In the Northeast, hemp harvest can take place any time from late August through October or later depending on hemp varieties and weather conditions. Harvest for autoflowering varieties can somewhat reliably be determined with the use of recommended harvest dates for individual varieties whereas full term or photoperiod sensitive varieties more often require careful monitoring through the use of visual or aromatic cues. Primarily harvest date for flower crops is determined by a number of noticeable changes in the physical characteristics of trichomes, bracts, and pistils. The trichomes, known as capitate-stalked resin glands, will begin to form as stalked structures capped with a bulbous head (similar to a small mushroom) on flower surfaces. Depending on growth operation, these glands will also begin to turn opaque and eventually amber before degradation. Other flower components such as the bracts of each individual flower will begin to swell, similar to as if flowers were pollenated, and pistils of each flower will begin to turn brown. Once approximately 90% of those pistils have begun browning, in conjunction with these other visual cues, we generally begin to harvest plants.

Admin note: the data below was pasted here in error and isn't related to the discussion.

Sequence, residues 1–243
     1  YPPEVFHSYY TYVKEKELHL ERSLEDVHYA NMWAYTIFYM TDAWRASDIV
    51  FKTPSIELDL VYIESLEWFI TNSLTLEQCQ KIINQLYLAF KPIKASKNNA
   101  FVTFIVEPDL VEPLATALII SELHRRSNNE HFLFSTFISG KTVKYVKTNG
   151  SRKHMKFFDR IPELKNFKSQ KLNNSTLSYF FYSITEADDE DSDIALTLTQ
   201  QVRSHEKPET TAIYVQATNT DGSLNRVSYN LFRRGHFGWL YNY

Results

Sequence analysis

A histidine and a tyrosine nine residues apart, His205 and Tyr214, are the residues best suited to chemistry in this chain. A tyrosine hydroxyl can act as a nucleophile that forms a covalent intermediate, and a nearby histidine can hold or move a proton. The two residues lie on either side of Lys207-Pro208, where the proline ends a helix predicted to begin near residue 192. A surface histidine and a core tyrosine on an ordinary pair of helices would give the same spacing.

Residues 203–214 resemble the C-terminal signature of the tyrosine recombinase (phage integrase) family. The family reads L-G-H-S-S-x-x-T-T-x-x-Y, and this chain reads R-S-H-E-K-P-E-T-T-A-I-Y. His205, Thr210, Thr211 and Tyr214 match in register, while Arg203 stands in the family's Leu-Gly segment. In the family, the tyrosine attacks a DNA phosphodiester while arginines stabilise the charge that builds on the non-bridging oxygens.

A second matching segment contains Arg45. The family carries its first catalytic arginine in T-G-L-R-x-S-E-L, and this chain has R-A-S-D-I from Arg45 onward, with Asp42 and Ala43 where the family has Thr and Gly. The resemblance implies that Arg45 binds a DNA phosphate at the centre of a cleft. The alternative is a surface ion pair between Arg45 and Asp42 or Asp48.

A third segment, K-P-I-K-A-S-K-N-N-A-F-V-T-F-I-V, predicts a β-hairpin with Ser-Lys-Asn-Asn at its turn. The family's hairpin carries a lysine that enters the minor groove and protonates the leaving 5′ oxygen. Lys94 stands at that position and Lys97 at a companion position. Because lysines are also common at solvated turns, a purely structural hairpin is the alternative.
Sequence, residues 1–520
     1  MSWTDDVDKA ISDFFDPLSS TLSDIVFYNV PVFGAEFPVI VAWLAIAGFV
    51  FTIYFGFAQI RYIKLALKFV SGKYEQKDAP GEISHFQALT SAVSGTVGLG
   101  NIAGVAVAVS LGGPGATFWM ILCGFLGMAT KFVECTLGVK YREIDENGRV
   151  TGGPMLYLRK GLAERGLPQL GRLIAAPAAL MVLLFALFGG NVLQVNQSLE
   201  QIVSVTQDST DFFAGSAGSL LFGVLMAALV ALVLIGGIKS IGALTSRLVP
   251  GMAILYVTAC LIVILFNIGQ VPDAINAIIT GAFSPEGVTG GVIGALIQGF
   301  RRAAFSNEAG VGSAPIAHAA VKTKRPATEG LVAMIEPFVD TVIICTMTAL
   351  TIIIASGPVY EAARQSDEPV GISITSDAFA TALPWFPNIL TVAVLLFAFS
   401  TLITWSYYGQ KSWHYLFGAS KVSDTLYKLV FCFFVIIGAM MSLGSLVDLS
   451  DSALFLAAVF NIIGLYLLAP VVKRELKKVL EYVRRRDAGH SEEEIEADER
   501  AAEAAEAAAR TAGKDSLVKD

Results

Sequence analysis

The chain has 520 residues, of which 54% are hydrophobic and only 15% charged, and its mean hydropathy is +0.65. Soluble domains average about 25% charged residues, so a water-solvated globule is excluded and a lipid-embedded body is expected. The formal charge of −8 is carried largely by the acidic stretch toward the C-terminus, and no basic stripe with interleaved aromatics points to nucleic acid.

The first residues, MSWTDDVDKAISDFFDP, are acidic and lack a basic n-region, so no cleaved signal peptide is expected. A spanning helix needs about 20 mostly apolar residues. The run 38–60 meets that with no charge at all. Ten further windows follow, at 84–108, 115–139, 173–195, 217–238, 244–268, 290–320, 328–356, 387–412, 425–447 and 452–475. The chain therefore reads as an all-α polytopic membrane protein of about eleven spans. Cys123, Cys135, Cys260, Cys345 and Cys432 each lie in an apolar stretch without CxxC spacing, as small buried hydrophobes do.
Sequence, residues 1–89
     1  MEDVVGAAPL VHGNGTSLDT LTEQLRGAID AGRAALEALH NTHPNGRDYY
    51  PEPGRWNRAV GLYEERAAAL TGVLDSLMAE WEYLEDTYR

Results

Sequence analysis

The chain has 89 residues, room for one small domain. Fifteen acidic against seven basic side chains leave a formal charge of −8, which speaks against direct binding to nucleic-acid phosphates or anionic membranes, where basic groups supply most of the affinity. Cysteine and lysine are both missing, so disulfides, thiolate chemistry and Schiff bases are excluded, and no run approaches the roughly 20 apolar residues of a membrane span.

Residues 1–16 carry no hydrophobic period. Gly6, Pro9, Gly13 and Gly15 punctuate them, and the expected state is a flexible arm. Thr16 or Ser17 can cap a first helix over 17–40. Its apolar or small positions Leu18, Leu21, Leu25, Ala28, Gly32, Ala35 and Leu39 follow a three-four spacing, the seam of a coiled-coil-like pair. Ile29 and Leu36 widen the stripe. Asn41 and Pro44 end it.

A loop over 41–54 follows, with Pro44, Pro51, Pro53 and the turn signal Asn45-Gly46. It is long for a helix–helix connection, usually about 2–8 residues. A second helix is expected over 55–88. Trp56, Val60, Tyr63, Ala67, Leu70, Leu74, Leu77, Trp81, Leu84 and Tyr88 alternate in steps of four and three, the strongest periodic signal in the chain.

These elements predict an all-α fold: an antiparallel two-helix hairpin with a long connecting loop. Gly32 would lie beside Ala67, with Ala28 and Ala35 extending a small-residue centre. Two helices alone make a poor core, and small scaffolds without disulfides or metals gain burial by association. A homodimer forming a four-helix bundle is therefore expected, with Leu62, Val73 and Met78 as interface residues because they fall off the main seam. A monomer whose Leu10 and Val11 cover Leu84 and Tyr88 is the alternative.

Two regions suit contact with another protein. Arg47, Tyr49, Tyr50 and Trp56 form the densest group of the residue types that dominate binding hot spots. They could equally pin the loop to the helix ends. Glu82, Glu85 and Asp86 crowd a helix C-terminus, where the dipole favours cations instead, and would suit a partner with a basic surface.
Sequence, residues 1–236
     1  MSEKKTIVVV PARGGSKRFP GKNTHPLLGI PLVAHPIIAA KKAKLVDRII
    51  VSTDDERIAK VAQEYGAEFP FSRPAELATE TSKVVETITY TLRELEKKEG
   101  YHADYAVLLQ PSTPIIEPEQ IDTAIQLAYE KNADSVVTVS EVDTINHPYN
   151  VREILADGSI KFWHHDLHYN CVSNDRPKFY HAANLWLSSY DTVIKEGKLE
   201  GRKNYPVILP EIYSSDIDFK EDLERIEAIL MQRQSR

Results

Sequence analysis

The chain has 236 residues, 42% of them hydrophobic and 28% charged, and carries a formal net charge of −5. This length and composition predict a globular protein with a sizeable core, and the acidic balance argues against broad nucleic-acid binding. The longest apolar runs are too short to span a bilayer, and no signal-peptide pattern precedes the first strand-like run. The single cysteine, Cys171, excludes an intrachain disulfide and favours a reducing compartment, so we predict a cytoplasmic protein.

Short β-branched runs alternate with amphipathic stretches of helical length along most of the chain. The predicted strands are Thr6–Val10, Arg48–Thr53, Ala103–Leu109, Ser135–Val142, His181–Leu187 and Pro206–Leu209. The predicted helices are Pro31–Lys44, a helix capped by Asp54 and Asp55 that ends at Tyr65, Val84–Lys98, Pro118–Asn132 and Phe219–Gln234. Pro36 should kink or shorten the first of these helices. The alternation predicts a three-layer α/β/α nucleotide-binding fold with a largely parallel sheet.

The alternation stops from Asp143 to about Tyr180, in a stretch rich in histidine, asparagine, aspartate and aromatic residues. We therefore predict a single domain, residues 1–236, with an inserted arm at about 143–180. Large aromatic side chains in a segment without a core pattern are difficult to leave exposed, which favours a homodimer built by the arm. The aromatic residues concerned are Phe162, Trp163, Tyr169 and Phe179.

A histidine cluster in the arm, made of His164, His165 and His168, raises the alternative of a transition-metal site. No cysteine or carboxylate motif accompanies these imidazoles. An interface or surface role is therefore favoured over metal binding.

Vermont, University of Vermont, hemp flower, CBD
Darby, Heather and Bruce, John, "Hemp Flower Harvest Date" (2020). Northwest Crops & Soils Program. 418.